Depression is a condition that is typically treated with medication, therapy, or both. It is often managed very well with the proper treatment, however, there are instances when depression does not respond fully or even partially to these common treatment options. This type of depression is considered treatment-resistant depression and it affects different people for different reasons.
Relief from the symptoms of depression is all about regaining a comfortable and vibrant quality of life. When someone is not getting the positive results from depression treatment, they are losing out on the ability to enjoy things they once loved. Spending quality time with friends and loved ones are important parts of a person’s overall well being, and long-term depression hinders one’s ability to feel valued and loved in such relationships. When depression treatments are not helping a person get back the energy and enthusiasm for living that they once had, it may be time to explore more treatment options.
Getting a person back to a point in their life where living is something to be looked forward to, instead of feeling like a chore, is one of the main goals of depression treatment. For those people who do not seem to respond as well to current treatments over a long period of time as they should, special consideration to this treatment-resistant depression may be needed.
What Is Treatment-Resistant Depression?
The clinical definition of treatment-resistant depression (TRD) is a term used in clinical psychiatry. It describes a person who has major depressive disorder who does not respond adequately to antidepressant therapy within a stated time frame. The definitions vary slightly and specifically refer to non-responsiveness to medication therapy, not psychological therapy. An insufficient response to treatment has historically been referred to as “no clinical response whatsoever.”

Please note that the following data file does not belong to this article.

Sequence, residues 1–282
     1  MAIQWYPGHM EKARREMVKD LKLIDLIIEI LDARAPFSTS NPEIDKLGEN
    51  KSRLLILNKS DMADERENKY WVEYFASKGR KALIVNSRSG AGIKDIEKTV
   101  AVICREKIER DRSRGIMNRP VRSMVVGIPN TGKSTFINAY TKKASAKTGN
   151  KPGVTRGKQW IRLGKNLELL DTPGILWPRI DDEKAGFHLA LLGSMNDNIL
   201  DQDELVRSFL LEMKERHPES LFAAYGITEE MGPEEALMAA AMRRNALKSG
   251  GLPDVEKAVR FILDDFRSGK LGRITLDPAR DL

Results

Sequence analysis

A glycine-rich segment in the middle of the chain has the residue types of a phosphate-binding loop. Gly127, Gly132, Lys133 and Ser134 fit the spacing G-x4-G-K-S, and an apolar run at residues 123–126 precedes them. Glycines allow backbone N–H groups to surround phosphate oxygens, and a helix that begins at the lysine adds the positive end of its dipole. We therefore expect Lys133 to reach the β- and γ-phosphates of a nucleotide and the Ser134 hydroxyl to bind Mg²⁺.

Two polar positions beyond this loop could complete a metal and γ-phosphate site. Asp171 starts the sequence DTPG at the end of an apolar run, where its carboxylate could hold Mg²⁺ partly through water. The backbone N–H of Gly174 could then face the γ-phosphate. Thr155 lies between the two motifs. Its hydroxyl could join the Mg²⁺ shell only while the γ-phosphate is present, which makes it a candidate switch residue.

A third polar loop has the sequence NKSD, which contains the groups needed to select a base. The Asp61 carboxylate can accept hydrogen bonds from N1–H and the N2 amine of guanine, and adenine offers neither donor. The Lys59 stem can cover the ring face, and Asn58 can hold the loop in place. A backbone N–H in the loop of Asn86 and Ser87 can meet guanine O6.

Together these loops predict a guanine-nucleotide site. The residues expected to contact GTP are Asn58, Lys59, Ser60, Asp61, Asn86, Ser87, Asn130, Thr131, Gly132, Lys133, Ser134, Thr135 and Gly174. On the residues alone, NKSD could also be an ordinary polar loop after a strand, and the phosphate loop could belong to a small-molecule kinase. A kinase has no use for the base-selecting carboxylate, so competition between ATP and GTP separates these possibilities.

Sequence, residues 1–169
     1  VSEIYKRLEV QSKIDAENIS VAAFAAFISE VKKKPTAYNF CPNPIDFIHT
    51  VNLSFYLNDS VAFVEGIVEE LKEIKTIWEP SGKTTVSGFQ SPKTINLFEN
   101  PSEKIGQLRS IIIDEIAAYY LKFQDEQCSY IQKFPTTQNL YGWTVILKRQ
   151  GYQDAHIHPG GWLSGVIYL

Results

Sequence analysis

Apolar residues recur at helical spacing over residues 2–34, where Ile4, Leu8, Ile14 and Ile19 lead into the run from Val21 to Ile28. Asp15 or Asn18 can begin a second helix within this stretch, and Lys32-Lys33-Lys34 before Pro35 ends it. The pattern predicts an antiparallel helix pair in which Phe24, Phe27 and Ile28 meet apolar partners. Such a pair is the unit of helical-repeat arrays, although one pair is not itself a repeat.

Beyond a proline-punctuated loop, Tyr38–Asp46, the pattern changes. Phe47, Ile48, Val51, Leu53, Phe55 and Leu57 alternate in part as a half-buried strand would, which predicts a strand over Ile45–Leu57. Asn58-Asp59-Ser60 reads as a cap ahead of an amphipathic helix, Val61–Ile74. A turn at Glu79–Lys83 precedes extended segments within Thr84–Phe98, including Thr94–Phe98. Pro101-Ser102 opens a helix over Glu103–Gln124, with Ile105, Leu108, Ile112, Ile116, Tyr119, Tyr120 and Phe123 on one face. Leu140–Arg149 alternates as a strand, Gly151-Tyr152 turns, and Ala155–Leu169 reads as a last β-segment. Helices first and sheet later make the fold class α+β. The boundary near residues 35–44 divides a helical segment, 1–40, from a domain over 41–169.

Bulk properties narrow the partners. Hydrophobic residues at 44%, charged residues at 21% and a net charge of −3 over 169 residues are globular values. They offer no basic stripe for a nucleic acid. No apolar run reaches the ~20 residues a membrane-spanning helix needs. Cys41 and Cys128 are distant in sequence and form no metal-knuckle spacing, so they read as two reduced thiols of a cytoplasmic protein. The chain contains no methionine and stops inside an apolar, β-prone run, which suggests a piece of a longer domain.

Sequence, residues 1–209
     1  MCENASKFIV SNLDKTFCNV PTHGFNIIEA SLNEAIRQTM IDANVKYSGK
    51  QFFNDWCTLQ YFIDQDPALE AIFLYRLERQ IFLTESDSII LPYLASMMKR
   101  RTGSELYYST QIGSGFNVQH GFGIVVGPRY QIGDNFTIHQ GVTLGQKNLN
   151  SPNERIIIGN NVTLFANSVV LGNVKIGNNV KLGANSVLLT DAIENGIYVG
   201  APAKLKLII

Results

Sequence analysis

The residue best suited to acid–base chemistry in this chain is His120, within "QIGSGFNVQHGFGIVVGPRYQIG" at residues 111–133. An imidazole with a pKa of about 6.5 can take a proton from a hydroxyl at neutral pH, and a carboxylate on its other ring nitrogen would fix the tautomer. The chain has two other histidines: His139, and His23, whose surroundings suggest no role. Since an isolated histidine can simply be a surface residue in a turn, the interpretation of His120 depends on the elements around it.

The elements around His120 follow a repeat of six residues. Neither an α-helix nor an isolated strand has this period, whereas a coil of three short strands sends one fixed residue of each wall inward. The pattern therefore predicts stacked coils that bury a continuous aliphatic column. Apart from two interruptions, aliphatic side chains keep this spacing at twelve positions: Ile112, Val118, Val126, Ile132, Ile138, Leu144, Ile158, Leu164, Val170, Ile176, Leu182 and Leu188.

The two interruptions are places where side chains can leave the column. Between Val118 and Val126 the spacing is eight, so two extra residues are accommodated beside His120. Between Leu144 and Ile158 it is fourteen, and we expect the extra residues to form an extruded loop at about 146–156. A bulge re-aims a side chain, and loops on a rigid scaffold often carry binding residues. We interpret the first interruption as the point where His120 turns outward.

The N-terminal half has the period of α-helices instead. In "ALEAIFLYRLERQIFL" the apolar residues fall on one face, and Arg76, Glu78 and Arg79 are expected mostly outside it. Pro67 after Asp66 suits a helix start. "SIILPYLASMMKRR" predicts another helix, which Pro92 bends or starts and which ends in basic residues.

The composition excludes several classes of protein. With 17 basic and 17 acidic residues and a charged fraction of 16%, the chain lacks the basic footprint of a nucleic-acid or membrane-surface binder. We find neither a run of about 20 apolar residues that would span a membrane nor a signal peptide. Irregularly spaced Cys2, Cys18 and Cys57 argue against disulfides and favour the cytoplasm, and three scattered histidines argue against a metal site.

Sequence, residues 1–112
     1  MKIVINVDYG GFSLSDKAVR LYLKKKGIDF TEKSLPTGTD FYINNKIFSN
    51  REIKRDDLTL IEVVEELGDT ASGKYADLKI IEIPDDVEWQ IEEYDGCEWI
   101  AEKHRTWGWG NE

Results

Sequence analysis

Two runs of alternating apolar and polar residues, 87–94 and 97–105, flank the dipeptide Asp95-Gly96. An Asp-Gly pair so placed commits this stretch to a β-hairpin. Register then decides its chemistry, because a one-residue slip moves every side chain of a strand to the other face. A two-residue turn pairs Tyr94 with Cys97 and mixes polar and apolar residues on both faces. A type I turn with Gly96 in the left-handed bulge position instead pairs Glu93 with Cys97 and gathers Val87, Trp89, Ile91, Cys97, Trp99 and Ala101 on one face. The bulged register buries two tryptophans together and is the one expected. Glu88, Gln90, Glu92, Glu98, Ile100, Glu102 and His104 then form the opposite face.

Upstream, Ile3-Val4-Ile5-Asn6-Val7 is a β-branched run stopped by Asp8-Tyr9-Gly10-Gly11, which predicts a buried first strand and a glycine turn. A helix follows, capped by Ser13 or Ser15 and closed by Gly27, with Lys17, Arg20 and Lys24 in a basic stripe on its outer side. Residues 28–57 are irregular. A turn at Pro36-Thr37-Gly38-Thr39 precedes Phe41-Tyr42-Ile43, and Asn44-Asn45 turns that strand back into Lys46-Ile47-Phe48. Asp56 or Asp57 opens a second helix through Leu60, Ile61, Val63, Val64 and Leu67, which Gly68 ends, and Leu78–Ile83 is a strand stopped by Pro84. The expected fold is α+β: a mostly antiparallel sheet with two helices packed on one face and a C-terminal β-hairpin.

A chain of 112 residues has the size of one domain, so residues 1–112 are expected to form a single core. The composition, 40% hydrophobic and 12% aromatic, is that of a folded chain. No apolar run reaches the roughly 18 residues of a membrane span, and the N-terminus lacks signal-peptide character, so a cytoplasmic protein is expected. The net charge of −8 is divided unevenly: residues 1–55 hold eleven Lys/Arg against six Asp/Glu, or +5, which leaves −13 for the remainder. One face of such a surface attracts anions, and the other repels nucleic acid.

More health care professionals agree that if a full remission of symptoms is not achieved with typical treatment for depression, then the response to treatment is considered inadequate. Patients with treatment-resistant depression who do not respond to treatment are sometimes termed pseudo-resistant. Some factors should be considered before referring to someone as having treatment-resistant depression.
The following characteristics and behaviors may be present during the treatment of depression which does not automatically mean the patient is not responding to prescribed treatment:
- Those who stop treatment early. Antidepressants typically take up to 12 weeks before symptoms are relieved.
- Medication dose is not sufficient. Often, doctors will start with a low-dose medication and increase the dose as needed after a minimum of 6-8 weeks.
- Patients who are non-compliant. This refers to those who do not take the medication as directed.
- Patients who may be misdiagnosed with depression in the first place.